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Welcome to SV Sitka. We document our adventures (and misadventures) sailing around the world.

You and me go sailing in the dark: First overnight passage

You and me go sailing in the dark: First overnight passage

December 6, 2017

We left Chris’ dad and step mom, Mik and Laura, in Falmouth Harbour and said goodbye to Antigua for good. It had been our home base for two months and we had become very comfortable there; therefore it was time for a change. We left around 9:30 am and arrived in Deshais, Guadeloupe around 3:15. In the 2.5 weeks Mik and Laura were with us we never made it above 8 knots, but on this passage we cruised on a broad reach at an average of 8 knots. We sailed at full hull speed and even made it up to 10 knots at one point as we surfed down a wave. Upon arrival we met up with some friends from the boat “Our Alibi”, Clint, Heather, their son Ty, and their sailing instructor George. Having not slept the night before, and from the emotional, teary morning saying our goodbyes to Mik and Laura, I was tired but it was so nice to have our new friends over for drinks, appies and swapping newbie Caribbean cruiser stories. I wish we could have spent more time with them but who knows, maybe we will meet up again somewhere south.

We had our first overnight passage to St. Lucia planned for the next day in order to pick up Chris’ mom, D’Ann. We decided to leave Guadeloupe at 1 pm. The wind was supposed to blow and if we went as fast as we did the day before we would make our arrival in St. Lucia around 10 am (we had specifically timed it so we wouldn’t arrive in the dark). That may have been the plan, but that’s not what happened. Five minutes from Deshais, the engine light went on; it was overheating!! At first we turned around and headed back, but it quickly became clear that we needed to turn off the engine. We raised the sails and turned back south. I took the helm while Chris went below to inspect the engine. At first he thought it over heated because I may have accidentally turned the engine blower off. However, upon closer inspection he realized that he had forgotten to reopen the engine seacock after replacing the impeller. This prevented seawater from coming in and cooling the engine. He thought a simple fix would be to open it up, problem solved right? Wrong! Because no water had been coming in, the impeller had no water running through it and therefore there was more friction and a few of the rubber nubs had broken off. Those bits combined with the one that had broken off the old impeller that Chris had just replaced were now probably clogging up in the heat exchanger. Chris took to Youtube to quickly find out how to get them out and pulled out close to a dozen black rubber pieces. Problem solved right? Not quite yet, the engine was still overheating. Turns out that while it was running hot, the friction wore away at the the impeller housing so that the water was leaking out and still not cooling the engine. So, we continued to sail...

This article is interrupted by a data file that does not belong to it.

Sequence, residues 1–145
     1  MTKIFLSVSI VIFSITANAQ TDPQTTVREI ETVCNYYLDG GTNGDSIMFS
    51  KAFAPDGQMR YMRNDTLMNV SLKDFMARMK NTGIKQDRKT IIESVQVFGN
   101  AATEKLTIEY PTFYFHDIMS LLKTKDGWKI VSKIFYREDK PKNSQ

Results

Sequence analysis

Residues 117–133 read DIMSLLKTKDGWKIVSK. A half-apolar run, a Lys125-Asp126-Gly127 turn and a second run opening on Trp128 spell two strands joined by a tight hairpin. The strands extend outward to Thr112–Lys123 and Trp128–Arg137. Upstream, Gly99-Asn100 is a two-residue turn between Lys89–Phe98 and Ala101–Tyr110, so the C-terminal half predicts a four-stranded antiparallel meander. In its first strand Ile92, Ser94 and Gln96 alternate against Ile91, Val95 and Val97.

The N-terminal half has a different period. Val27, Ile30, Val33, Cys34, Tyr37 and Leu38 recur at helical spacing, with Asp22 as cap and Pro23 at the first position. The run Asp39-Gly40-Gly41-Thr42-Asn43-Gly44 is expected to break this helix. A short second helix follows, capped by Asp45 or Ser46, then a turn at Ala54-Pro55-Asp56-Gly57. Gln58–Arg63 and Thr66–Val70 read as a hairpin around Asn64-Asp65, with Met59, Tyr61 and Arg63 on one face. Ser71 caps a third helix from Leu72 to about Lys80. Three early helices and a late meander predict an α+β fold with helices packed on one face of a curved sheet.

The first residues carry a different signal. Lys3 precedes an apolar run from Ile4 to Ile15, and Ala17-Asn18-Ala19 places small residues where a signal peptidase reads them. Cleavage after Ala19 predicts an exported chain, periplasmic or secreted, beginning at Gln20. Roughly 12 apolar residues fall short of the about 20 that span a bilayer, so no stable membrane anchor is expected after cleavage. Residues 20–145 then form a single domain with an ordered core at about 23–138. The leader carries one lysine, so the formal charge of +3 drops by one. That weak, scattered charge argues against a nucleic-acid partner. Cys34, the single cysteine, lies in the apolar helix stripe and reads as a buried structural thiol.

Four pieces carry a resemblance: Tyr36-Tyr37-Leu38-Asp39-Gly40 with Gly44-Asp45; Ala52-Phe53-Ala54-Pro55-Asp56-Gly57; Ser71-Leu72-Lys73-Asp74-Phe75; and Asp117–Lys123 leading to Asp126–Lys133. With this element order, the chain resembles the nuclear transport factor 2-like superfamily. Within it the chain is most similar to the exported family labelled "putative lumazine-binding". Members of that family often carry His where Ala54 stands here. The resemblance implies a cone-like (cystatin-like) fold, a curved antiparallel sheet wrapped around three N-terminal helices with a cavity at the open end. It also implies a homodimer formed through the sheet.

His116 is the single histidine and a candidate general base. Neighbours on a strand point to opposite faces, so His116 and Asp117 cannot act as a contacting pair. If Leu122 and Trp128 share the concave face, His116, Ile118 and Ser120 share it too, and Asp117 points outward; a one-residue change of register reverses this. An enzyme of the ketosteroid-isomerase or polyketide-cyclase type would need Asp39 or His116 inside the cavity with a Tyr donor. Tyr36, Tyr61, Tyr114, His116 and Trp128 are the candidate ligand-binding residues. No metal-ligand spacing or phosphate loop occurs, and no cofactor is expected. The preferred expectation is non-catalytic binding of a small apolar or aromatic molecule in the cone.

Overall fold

There was an upside. We had light wind along the west cast of Guadeloupe and normally we may have motored but because we had no engine our speed was roughly 3-5 knots. This turned out to be the perfect speed for dolphins. There must have been at least 15 of them swimming and dancing around our bow. I can’t describe how magical it was. I yelled for Chris to come up from the engine room and we shared this incredible gift. We were lucky enough to see dolphins twice during this portion of the trip and then once again when coming into Martinique.

As the sun went down the wind picked up. 5 knots of wind, 20 knots, 30 knots of wind; we were flying. We started with one reef in the the main sail (we made the sail slightly smaller to catch less wind) and quickly made the decision to put in a second reef. It wasn’t even done and we had to quickly reef the genoa too (we furled up a portion of the front sail) so much so that you couldn’t see any tell tales on the sail. Despite this we still managed to go hull speed and faster at times. I was both terrified and exhilarated, we really felt like a team and Chris’s calm yet direct instructions gave me confidence that we could accomplish anything thrown at us. Unfortunately for us, there were a few hiccups. The stopper knot in the genoa had come undone and the line slid past the cleat and was flying uncontrollably in the wind. Chris clipped into his safety harness and went onto the deck to fix it - this was while we were heeled over in the rain, with gusting winds and an inky black sky. I was a little nervous to say the least and kept yelling at him to talk to me so that I knew he was still there, but he did come back to the cockpit successful and we carried on.